The Role of the U5 snRNP in Genetic Disorders and Cancer
Wood KA., Eadsforth MA., Newman WG., O’Keefe RT.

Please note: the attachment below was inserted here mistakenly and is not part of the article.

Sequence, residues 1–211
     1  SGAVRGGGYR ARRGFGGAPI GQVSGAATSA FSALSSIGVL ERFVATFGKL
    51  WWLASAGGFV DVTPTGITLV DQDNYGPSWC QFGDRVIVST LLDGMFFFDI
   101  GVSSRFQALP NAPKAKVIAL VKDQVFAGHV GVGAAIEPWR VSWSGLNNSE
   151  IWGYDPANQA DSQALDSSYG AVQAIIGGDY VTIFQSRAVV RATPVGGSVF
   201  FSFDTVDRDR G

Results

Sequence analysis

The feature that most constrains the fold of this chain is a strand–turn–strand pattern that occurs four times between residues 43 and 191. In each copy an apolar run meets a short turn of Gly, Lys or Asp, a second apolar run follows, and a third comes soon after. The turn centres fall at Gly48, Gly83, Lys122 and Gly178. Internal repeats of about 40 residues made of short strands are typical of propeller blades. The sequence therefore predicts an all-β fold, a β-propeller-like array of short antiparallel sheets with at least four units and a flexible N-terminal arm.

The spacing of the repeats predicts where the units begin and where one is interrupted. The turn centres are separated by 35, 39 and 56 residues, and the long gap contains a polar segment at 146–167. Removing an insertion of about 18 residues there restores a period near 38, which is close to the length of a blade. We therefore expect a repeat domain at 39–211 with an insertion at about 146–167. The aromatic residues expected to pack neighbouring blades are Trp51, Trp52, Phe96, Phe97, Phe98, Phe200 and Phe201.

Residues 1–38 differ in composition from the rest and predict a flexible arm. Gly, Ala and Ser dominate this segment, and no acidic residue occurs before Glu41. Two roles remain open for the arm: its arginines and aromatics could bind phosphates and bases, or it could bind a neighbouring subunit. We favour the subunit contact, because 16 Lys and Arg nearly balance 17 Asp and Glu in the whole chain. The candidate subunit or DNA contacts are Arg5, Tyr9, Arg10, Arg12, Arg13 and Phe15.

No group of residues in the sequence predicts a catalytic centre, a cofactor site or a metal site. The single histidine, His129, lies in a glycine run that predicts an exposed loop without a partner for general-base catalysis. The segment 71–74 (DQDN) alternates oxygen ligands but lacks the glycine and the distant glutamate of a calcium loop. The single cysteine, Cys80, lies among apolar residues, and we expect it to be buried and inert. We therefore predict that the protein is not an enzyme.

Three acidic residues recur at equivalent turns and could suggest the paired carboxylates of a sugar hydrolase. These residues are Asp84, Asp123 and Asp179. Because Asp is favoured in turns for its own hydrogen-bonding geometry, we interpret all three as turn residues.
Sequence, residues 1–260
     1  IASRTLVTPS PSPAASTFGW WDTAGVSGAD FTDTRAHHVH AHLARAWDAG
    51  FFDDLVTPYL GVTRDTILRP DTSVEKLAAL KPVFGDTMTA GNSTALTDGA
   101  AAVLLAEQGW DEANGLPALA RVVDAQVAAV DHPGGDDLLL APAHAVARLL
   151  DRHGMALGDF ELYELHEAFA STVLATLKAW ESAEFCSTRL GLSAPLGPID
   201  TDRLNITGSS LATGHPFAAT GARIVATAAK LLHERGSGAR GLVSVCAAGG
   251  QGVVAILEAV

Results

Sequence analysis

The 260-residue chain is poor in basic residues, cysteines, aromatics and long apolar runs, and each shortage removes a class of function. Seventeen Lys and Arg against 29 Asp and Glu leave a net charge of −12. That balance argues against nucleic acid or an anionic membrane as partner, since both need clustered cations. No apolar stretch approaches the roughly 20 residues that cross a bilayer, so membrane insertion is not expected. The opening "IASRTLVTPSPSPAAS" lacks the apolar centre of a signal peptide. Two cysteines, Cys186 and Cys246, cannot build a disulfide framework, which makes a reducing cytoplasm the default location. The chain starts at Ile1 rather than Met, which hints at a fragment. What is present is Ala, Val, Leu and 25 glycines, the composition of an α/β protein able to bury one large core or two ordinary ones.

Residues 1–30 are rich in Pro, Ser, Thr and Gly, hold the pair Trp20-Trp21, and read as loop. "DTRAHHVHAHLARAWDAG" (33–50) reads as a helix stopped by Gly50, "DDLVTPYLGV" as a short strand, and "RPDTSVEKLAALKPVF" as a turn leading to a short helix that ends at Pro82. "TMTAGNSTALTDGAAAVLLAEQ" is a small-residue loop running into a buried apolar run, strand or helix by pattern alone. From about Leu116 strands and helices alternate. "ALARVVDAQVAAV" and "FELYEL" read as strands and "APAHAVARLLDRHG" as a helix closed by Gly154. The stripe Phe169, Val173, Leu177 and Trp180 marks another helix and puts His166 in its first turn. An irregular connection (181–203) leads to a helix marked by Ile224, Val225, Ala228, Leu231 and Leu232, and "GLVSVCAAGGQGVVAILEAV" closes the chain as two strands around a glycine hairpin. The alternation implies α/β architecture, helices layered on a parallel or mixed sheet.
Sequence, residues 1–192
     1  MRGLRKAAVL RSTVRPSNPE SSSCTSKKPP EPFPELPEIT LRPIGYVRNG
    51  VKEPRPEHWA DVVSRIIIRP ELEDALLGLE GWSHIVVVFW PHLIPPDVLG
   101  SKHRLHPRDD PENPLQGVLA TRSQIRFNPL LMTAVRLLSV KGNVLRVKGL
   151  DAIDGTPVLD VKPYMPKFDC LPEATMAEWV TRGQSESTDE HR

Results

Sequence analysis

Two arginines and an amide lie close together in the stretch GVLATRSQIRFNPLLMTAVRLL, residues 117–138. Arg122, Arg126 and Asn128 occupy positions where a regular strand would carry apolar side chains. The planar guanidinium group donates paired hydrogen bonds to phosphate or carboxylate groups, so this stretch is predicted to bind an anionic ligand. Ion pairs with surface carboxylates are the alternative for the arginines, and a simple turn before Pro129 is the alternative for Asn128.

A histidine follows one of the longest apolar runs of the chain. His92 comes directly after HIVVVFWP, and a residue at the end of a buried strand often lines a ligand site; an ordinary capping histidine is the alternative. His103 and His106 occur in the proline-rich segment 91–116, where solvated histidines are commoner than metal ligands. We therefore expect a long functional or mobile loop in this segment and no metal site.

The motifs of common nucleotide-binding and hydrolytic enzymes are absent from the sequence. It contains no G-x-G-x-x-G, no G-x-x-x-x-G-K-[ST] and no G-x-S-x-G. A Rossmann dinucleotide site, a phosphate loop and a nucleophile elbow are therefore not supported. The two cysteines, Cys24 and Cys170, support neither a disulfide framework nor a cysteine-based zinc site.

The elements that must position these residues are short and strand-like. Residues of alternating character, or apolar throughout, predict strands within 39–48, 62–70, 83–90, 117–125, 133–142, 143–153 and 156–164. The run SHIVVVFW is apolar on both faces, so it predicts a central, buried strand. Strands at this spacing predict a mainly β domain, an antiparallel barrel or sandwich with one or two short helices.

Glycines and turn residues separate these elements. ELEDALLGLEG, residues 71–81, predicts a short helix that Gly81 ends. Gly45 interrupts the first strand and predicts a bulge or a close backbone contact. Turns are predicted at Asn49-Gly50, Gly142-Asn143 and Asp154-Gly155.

Pre-mRNA splicing is performed by the spliceosome, a dynamic macromolecular complex consisting of five small uridine-rich ribonucleoprotein complexes (the U1, U2, U4, U5, and U6 snRNPs) and numerous auxiliary splicing factors. A plethora of human disorders are caused by genetic variants affecting the function and/or expression of splicing factors, including the core snRNP proteins. Variants in the genes encoding proteins of the U5 snRNP cause two distinct and tissue-specific human disease phenotypes – variants in PRPF6, PRPF8, and SNRP200 are associated with retinitis pigmentosa (RP), while variants in EFTUD2 and TXNL4A cause the craniofacial disorders mandibulofacial dysostosis Guion-Almeida type (MFDGA) and Burn-McKeown syndrome (BMKS), respectively. Furthermore, recurrent somatic mutations or changes in the expression levels of a number of U5 snRNP proteins (PRPF6, PRPF8, EFTUD2, DDX23, and SNRNP40) have been associated with human cancers. How and why variants in ubiquitously expressed spliceosome proteins required for pre-mRNA splicing in all human cells result in tissue-restricted disease phenotypes is not clear. Additionally, why variants in different, yet interacting, proteins making up the same core spliceosome snRNP result in completely distinct disease outcomes – RP, craniofacial defects or cancer – is unclear. In this review, we define the roles of different U5 snRNP proteins in RP, craniofacial disorders and cancer, including how disease-associated genetic variants affect pre-mRNA splicing and the proposed disease mechanisms. We then propose potential hypotheses for how U5 snRNP variants cause tissue specificity resulting in the restricted and distinct human disorders.